Through Bob Trask's short, illuminating sentence I was able to understand and to acknowledge the gifts that my father had left inside of me. I started to count the numerous Lyman deposits that had influenced me since day one: my love of music, my athletic ability, my sense of humor, my spontaneous emotions, and my intelligence.

I had sentenced my father unjustly for the negatives. And until that moment, I had rejected the concept that I was accountable for my life. In the shift of my consciousness, my father went from being scapegoat to contributor. He and I assumed new roles as I became more aware. Lyman, can you hear me?

Are you blaming anyone unjustly for what is not working in your life? It is a serious query that deserves your thoughtful consideration. You can blame, rationalize, and justify, or you can choose to reconcile. Please choose the latter! What is your long-term payoff for making another the fall guy for your shortcomings? How long are you willing to hold that person and yourself hostage? As long as you do, he or she remains in control and you remain the helpless victim, the willing martyr, stuck in your current role. When will you be willing to own your results? Who is perpetuating and collaborating with you on that strategy, and for what selfish justification?

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TAKE A NEW ROUTE

If life is difficult and people are lazy, and if the other obstacles that prevent people from living the life they aspire to are valid, many people will choose to remain stuck. Stagnancy strategies require effort, but the effort is familiar. It is a self-induced trance that becomes acceptable and an established comfort zone.

Faced with new and different approaches, people will choose
what they know even though the results are not what they want. They continue to settle for familiar yet negative repetition. They remain in their assigned roles faithfully fulfilling the wishes of others and ignoring their own longings and desires. They stumble through life semiconscious; they continue either their downward spiral or their life of stagnancy.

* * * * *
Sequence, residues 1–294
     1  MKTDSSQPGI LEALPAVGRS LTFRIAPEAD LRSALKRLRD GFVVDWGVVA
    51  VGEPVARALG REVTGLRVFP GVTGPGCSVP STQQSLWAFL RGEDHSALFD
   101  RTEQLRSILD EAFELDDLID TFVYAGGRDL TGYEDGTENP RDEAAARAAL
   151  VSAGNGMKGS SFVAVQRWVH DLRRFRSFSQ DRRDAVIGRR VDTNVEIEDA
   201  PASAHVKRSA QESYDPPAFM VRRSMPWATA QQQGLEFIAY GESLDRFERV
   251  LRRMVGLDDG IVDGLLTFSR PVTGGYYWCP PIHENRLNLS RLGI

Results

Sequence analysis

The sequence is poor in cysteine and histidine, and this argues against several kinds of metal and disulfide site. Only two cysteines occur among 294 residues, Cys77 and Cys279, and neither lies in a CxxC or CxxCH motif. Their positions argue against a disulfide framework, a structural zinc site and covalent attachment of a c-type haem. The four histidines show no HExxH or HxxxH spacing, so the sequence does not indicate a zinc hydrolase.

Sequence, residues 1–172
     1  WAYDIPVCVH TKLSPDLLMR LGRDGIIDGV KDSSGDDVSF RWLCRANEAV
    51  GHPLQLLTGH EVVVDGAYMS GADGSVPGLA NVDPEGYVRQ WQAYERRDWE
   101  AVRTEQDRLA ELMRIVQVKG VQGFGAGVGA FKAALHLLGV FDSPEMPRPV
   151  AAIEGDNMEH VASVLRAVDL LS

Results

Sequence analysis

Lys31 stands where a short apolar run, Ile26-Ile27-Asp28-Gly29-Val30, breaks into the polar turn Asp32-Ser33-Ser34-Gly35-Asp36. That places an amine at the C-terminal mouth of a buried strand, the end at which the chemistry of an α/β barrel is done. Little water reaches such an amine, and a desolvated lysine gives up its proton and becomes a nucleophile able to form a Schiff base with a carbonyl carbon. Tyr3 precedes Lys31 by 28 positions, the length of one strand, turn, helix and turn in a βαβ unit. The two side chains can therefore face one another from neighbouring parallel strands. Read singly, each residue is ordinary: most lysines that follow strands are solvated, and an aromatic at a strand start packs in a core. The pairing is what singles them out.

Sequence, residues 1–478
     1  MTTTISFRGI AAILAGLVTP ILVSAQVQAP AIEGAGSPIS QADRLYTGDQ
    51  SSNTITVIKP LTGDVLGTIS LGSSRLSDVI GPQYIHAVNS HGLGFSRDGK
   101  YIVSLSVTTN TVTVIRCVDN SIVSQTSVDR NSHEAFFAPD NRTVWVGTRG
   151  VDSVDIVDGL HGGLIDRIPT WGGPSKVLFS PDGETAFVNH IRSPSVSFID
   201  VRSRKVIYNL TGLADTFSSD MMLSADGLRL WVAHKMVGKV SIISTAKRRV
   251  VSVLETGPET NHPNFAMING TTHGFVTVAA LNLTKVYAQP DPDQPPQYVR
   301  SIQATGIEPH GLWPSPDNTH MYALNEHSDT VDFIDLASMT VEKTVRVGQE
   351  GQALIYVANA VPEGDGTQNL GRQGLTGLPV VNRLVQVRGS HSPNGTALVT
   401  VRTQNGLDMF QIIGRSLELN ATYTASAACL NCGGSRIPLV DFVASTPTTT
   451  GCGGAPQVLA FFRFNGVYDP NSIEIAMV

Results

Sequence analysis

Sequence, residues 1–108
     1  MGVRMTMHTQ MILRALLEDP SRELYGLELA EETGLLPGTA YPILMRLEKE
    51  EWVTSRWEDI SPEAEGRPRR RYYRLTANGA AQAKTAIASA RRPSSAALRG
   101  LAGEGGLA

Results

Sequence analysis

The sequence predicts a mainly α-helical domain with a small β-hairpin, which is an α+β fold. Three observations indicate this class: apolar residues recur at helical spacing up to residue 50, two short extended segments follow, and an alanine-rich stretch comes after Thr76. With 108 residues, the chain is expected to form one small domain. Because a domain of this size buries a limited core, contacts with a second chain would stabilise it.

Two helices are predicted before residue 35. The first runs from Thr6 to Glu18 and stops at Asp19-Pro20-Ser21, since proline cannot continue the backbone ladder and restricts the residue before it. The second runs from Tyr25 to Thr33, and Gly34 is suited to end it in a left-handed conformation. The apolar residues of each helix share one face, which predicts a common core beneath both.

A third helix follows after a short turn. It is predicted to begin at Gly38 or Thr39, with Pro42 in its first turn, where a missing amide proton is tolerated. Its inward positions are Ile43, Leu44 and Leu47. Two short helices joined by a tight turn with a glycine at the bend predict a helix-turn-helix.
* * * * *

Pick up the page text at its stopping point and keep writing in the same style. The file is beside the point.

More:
That path is the road most traveled. It is an outcome that you do not deserve to create, but it might be a choice that you are making. Yes, I said choice. In the words of William Jennings Bryan, "Destiny is not a matter of chance, it is a matter of choice; it is not a thing to be waited for, it is a thing to be achieved."

For many people the choice concept is new or unfamiliar.
Victimization, martyrdom, and being stuck in a role are seldom mentioned in the same breath with making intentional, conscious, life-enhancing choices. If it is your choice to remain stuck, then accept your decision and go about your business. At the end of any given day, you have either created value or waste. "The loving person is a person who abhors waste—waste of time, waste of human potential. How much time we waste, as if we were going to live forever," lamented author and former University of Southern California professor Leo Buscaglia.

In his hit song "Man in the Mirror," entertainer Michael Jackson states that if you want to make the world a better place, to make a difference, to make it right, and to feel real good, start with the man in the mirror. Start with yourself. Take a look at yourself and make a change.

It is ultimately up to you to take ownership for your life, to create the life that you desire. It is ultimately up to you to objectify and see the obstacles in your way for what they really are. It is ultimately up to you to correct whatever needs to be corrected because it is preventing you from having more of what you aspire to have now. It is ultimately up to you to take a new route. The tools for doing that are in the following chapters.

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EXERCISES

Please purchase a journal in which to start recording your thoughts, insights, aha's, and intended actions as you read this book. It will assist you in organizing this material and allow you to interpret this information in your voice and in your style. You can also record these insights on your computer or PDA. Those devices are less personal and kinesthetic, but the world is changing. Do what works for you. Do not set limits for yourself. Seek balance and begin by answering the following questions in your journal.
  • How do you want to be in your life? Common answers include being more open-minded, being more peaceful, and being a better listener.
  • What do you want to have in your life? Usually people say something tangible, such as owning a mountain cabin, having financial freedom, or being in better health.
  • What do you want to do in your life? Possibilities include floating down the Colorado River through the Grand Canyon, enjoying a glass of wine in a small bistro on the Champs- Elysees in Paris, or reading two books a month.
  • What do you want to start in your life? Maybe it's spending more quality time with your family, getting more exercise, or investing in mutual funds.
  • What do you want to stop in your life? Focus on things that do not serve you or others, such as smoking, working too hard, and being broke.
  • What do you want to continue in your life? Focus on things that are working, such as learning, being a loving parent, and contributing to your community.